Credit Insurance: What to Do When a Big Client Won’t Pay
The epic fall of iHeartMedia and Toys R Us have taught business vendors no company is too big to fail. Don’t assume your risk factors are low because you have an account receivable that’s a household name.
Take Toys R Us
Started by the late Charles Lazarus, the company forged a reputation throughout the 1980s as “the supermarket of toys.”
Jingles about not wanting to grow up, being a “Toys R Us Kid,” photo ops with Geoffrey the Giraffe. It was a marketing dream come true.
But as its parent company saddled it with more and more debt, the company finally buckled under the pressure. It first announced the closure of around 300 stores. Then, earlier this month, corporate announced it would be going further with a complete liquidation of all 735 stores. It appears that credit insurers stopped backing Toys R Us around a year ago.
What happens to all the toy manufacturers who’d come to depend on Toys R Us as not just a sales location but a significant marketing channel? What will become of the unpaid invoices currently outstanding?
Then, There’s iHeartMedia
The company filed for Chapter 11 bankruptcy on March 14, and it will be going through a restructuring that takes it from $20 million in debt to $11 million.
As with any bankruptcy proceeding, many noteholders ended up paying the price.
According to Pollstar, the debt was brought on by “stagnant revenue, competition from streaming music services, and huge interest payments” on its loans. Affected noteholders include Nielsen, SoundExchange, Warner Music Group, Universal Music Group, Cumulus Media, CBS Corp., Hubbard Broadcasting, Univision, Beasley Broadcast Group, Urban One, and Cox Media Group.
The Pollstar analysis has a full rundown of what each company will receive in the restructuring plan. Here’s a hint: it’s far less than what they’re owed.
These horror stories breed the question: what could any company doing business with these places have done differently to mitigate their risks?
For the remainder of this article, we’ll discuss the one tool that might have helped more than any other: credit insurance.
What Is Credit Insurance?
Credit insurance is a lesser-known but highly effective insurance policy that can protect businesses like those on the losing end of the Toys R Us and iHeartMedia situations.
When you purchase credit insurance, also known as bad debt insurance, you are buying insurance against default on trade credit debts from a client or company with whom you’re doing business. Insolvency or failure to pay within agreed-upon terms and conditions is the catalyst that will trigger a credit insurance claim.
How Does It Work?
In the case of bankruptcies, the International Credit Insurance & Surety Association observes that holders of a trade credit insurance policy will get paid regardless of whether they end up as part of the bankruptcy proceeding.
“Through a trade credit insurance policy, a company can assure payment, either from their buyer or their insurer,” the site notes.
Yes, it can be expensive to carry, but it can also be costly not to have whenever a customer or business sector goes off the rails.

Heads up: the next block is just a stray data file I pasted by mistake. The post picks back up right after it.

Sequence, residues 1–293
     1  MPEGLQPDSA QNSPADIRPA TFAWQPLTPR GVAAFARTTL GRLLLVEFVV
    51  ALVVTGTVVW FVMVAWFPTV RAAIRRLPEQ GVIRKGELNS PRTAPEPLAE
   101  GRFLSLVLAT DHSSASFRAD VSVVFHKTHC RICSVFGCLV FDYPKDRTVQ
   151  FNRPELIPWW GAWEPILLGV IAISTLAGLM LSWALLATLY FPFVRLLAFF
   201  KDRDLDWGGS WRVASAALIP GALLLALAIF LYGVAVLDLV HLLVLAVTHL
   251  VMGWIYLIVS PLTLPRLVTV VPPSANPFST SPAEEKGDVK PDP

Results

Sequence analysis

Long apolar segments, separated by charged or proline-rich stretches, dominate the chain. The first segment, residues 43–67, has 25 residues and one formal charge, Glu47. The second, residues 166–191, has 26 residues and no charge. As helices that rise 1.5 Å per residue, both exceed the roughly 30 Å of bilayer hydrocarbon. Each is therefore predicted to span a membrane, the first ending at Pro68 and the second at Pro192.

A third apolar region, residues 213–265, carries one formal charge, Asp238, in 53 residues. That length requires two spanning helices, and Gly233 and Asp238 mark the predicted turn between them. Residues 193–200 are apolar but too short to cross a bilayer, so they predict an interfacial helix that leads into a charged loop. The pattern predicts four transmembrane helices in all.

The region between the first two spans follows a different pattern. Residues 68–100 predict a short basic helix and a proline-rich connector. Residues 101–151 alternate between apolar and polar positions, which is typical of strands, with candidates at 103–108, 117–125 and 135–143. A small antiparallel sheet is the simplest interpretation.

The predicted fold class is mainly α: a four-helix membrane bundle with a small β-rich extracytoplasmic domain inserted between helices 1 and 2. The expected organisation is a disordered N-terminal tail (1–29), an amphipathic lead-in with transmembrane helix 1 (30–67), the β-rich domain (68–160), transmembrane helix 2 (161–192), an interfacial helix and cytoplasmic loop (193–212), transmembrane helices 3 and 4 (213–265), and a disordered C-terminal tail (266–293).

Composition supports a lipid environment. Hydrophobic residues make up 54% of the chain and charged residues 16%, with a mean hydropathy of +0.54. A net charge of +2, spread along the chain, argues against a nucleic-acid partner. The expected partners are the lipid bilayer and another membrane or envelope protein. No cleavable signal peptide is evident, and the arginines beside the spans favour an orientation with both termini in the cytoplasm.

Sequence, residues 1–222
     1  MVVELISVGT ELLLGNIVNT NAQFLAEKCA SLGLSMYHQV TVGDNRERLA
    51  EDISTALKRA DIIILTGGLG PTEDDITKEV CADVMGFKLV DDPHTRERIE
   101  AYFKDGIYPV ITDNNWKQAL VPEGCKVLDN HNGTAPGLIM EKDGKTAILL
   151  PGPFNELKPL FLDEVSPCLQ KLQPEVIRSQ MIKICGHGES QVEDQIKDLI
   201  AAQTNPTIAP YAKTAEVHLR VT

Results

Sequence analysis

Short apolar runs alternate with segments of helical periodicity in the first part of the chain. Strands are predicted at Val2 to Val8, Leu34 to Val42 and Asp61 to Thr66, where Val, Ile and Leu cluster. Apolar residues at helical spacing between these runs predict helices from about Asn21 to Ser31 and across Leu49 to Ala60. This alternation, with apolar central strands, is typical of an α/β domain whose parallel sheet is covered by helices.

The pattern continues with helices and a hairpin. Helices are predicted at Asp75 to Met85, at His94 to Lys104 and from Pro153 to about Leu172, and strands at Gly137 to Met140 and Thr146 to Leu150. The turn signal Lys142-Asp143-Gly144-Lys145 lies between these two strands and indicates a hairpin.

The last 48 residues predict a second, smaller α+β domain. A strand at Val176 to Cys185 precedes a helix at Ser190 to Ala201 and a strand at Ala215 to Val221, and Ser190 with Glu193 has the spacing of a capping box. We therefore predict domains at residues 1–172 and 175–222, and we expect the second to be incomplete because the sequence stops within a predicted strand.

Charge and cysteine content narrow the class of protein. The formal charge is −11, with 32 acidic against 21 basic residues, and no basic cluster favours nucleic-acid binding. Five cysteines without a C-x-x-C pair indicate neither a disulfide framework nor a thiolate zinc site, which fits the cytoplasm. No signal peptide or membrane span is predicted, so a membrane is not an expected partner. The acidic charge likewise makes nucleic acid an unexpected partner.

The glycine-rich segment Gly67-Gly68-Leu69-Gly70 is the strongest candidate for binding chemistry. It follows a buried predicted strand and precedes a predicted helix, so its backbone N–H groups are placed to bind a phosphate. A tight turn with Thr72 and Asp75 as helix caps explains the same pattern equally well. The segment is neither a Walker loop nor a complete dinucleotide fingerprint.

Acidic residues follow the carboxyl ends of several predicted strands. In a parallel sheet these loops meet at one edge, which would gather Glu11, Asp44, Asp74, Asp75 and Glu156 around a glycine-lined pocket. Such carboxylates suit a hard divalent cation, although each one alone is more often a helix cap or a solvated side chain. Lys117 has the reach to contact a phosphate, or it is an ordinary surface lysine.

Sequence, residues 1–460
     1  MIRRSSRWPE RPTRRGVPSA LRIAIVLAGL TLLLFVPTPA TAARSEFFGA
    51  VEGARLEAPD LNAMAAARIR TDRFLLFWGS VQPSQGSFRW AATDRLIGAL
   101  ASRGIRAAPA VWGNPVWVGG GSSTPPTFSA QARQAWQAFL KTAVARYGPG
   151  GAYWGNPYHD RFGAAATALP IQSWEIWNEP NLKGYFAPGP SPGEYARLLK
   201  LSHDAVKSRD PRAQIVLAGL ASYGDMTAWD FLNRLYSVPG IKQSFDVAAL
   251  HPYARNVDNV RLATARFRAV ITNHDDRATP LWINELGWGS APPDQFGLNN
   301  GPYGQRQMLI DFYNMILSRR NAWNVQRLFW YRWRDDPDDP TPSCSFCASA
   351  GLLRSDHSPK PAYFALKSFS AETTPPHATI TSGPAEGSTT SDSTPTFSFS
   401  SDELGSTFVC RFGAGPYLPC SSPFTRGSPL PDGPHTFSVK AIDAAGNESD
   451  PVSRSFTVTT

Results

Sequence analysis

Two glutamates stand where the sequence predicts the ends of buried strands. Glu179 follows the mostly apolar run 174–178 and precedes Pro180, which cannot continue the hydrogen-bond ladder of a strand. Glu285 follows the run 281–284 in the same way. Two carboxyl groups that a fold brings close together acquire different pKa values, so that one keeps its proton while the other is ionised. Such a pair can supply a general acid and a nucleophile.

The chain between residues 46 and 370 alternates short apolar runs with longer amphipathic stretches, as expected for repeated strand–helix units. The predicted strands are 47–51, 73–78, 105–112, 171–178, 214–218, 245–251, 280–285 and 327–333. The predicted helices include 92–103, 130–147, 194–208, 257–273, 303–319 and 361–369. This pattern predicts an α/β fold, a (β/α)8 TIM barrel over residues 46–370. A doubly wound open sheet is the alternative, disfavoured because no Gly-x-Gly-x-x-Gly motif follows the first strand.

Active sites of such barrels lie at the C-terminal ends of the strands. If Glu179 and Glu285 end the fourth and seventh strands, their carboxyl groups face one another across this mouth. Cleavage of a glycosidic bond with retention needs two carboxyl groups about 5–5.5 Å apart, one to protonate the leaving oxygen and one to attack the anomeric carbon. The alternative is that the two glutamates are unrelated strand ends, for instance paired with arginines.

The cost of such policies can vary wildly depending on the actuarial data set, and the best you’re going to do for your specific business situation is to reach out for a free quote to a company that sells such credit insurance policies.
If you’re dealing with millions and millions of dollars in assets, then prepare to pay a significant monthly premium. Build that into your budget.
Fortunately, there are ways to mitigate costs potentially. For example, instead of carrying a policy that covers all phases of operation, choose to ensure a single transaction. Policyholders often prefer singles as a term of large-volume transactions.
The Benefits of Credit Insurance Are Clear
There are many reasons beyond getting paid on single or multiple ongoing transactions that make bad debt insurance an attractive choice. Examples:
- Banks tend to lend more money on credit insurance-backed deals, allowing you access to more capital whenever you need it.
- The safety net of bad debt insurance allows you to expand your business coverage, thus exponentially increasing revenue streams to help propel the growth of your business.
- When you hold a credit insurance policy, you can spend less in personnel and overhead.
- Credit insurance can be considered a cost of doing business. As such, it lowers your tax liability at the end of the year. By how much, depends on the scope of the policy.
- Credit insurance looks mighty good when rating agencies are taking into account your company’s history and reliability. As such, that amps up your authority, producing even more revenue opportunities and exposure to the right audiences.
If you’re a business owner, it’s vital you heed the lessons from Toys R Us and iHeartMedia now rather than later. What’s here today can be gone tomorrow — or even 30 years from now. Don’t rest on your laurels.
If you’re still not sure whether credit insurance is right for you, consider the following questions:
- How over-leveraged am I?
- Do I have too much of my business wrapped up in one client?
- What protections already are in place, if any, in the event of late or non-payment?
- What’s it going to cost me?
- Is the added cost worth it, or should I just roll the dice?
No One Can Make the Decision for You
You’re either comfortable with the expense or now isn’t the right time. At Leykell Insurance, we do our best to help you discover when that right time is.
For inquiries into the credit insurance program, make sure you call us today. We offer a free quote and consultation, and we’re eager to work with you.